I was on a train about three days before the [1997] election, looking out of the window thinking, ‘These people aren’t going to vote Labour.’ I thought I could hear people bottling out — ‘Oh, I’m not sure, I don’t think I’m going to change my vote after all.’ But it was a complete fantasy. They won, beyond anyone’s expectations.[9]

This is what psychoanalysts call projection: the electorate of Britain (although it was probably somewhere southern and suburban in this case), who can’t actually be seen from this train (probably nobody was actually seen by Keiller at this moment), are imagined as a single, conservative, possibly reactionary, certainly fearful, block or mass, getting in the way of the fulfilment of Keiller’s desires. Such projections are inescapable when talking about politics, but Keiller goes on to admit feeling undone by Labour’s victory, and the fulfilment of his desire: ‘I still haven’t recovered from that.’ It is as if the bottom has fallen out of his mental landscape, as if the end of his thoroughgoing oppositional status has led to a strange loss of identity. The Marxist author Edward Upward called one of his books No Home But The Struggle, but one of the consequences of the struggle becoming less clearly defined is that you may lose your sense of ‘home’. It does seem that Keiller is identifiably within this scheme, even as he tries to reconfigure or transcend it by playing images off against each other, so that the everyday becomes the enigmatic: we are shown footage of a lorry with the words ‘Brain Haulage’ inscribed on its side and signs towards the Toyota car factory, implying that Toyota is now just a place in middle England.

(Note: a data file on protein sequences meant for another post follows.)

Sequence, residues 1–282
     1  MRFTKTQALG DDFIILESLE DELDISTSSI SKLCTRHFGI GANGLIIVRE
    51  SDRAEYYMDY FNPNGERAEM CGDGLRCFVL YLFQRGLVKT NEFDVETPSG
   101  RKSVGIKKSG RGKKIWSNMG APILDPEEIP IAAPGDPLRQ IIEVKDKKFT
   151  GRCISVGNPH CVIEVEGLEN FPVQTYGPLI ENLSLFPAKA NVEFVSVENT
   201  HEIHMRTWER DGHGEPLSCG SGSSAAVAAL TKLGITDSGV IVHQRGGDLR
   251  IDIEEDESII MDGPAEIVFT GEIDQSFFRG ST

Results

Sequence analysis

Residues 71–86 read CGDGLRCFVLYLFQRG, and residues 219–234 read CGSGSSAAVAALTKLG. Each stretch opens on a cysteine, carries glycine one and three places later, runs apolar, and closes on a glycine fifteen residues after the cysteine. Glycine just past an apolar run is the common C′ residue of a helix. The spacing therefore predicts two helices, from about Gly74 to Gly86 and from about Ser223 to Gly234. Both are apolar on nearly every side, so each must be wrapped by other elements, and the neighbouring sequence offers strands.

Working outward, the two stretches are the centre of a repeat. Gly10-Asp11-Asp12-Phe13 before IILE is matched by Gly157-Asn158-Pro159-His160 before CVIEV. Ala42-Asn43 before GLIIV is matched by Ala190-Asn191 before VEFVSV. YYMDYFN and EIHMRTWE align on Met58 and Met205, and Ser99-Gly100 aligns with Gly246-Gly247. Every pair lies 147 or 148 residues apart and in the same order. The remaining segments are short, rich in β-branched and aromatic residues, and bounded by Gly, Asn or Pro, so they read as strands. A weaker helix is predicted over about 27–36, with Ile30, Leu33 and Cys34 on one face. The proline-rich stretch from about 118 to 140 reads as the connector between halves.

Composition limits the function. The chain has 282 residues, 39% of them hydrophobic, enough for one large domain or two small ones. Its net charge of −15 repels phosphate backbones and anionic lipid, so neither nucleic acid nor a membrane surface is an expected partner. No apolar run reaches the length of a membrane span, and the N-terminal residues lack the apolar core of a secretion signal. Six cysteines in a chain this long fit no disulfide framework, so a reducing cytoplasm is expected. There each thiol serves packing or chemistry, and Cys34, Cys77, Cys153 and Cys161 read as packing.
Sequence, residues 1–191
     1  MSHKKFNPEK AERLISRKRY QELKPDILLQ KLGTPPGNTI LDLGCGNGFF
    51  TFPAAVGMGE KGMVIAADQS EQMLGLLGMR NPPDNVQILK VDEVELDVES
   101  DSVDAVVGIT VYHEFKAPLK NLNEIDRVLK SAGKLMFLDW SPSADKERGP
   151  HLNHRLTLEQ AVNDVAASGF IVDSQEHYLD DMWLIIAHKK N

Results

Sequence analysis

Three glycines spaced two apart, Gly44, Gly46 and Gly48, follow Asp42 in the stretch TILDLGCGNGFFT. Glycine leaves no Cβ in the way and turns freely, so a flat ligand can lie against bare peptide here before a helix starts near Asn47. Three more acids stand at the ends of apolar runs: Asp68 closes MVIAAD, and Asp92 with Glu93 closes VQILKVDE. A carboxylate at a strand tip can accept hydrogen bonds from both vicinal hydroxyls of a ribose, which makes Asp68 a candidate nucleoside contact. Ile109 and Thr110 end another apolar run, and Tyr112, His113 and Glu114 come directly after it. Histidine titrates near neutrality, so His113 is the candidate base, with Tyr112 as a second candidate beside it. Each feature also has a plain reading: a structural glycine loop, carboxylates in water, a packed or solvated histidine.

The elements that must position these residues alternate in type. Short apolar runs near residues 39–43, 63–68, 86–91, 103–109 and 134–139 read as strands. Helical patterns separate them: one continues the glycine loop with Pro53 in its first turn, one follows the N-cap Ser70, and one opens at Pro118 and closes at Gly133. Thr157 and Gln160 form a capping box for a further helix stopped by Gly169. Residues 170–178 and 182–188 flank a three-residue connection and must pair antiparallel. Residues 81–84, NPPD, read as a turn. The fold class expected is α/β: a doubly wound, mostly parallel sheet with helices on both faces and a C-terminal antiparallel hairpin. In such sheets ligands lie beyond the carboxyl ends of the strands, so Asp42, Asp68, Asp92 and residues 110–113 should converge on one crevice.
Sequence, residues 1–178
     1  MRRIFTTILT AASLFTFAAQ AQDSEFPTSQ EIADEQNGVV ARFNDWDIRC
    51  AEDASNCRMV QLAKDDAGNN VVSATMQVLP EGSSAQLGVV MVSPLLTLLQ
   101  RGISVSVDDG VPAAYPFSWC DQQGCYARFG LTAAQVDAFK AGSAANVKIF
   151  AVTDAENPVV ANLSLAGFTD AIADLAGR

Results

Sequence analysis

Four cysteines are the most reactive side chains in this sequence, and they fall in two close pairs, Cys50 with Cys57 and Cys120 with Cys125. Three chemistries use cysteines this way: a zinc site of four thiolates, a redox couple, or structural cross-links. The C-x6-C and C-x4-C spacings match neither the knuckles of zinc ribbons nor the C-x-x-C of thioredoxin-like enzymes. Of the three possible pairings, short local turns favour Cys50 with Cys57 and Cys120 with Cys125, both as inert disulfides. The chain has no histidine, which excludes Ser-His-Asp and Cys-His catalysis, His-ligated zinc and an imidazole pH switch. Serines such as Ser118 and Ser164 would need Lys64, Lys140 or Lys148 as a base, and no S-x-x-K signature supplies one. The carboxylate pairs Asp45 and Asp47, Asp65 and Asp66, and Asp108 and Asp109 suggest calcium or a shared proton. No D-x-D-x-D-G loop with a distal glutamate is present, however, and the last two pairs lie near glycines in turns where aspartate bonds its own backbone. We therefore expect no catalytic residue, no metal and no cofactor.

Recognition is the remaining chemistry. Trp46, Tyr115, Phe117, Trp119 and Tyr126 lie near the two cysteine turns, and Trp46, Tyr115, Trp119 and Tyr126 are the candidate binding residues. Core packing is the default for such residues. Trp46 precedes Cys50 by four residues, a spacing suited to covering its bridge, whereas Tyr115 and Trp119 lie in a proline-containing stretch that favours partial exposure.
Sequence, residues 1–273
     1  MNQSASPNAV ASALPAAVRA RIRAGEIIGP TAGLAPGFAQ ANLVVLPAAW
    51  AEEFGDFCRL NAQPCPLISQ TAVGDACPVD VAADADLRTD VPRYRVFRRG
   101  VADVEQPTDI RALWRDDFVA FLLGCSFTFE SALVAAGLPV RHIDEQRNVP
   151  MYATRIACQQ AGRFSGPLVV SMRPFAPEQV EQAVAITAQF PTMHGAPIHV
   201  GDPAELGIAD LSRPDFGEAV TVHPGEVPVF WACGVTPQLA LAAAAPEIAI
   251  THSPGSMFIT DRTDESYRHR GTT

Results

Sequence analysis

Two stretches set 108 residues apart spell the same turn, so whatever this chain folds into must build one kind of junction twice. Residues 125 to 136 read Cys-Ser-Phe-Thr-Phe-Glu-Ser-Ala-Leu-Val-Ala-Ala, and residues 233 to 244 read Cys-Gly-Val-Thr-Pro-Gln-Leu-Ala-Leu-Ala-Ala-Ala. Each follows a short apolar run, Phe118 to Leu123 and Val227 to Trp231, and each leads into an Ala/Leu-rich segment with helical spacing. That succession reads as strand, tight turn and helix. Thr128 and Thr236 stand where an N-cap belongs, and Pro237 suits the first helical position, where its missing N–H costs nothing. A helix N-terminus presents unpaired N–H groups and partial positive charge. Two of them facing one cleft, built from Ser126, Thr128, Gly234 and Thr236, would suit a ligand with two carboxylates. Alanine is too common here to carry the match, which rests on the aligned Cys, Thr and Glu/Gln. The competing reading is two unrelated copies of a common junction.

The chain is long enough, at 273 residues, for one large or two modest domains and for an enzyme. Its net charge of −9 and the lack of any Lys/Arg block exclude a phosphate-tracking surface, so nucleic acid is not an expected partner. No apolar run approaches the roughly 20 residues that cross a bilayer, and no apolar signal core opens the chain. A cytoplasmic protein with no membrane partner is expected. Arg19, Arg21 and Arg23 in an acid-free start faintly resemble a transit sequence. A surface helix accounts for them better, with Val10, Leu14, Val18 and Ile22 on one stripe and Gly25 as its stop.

Paul Julian Smith has said, in a review of Robinson in Space in Sight and Sound, that ‘Rarely can superstores, landfills, and container ports have looked so pregnant with meaning as here’.[10] And we can see what he means, partly, it feels, because these things, examples of what Keiller has called the new spaces of contemporary England, have never been looked at before, or certainly not with this kind of intensity. However, I’m not sure if ‘pregnant with meaning’ is quite right, because unlike with pregnant mothers, we do not know and cannot tell what is inside these containers (and Keiller is obsessed with containers — container ships, container lorries, warehouses — in Robinson in Space): they don’t seem to be pregnant with new life, a new birth. Instead they are full of plasterboard: ‘The fully automated plant at Ridham produces 120 square metres of plasterboard per minute, the fastest-running production line in Europe’. Well, Captain Ahab in Moby Dick did want to get through ‘the paste-board mask of the universe’, but he did hope that there would be something other than more plasterboard on the other side. There is obviously something defeating about this process, in that the investigations of Robinson and the narrator into ‘the problem of England’ seem to run up against the sense that the landscape of post-industrial Britain, which has lost its immediately recognisable iconography of pit-heads, smoking chimneys and mill towns, has become seriously inscrutable, so much so that it might have become . . . boring.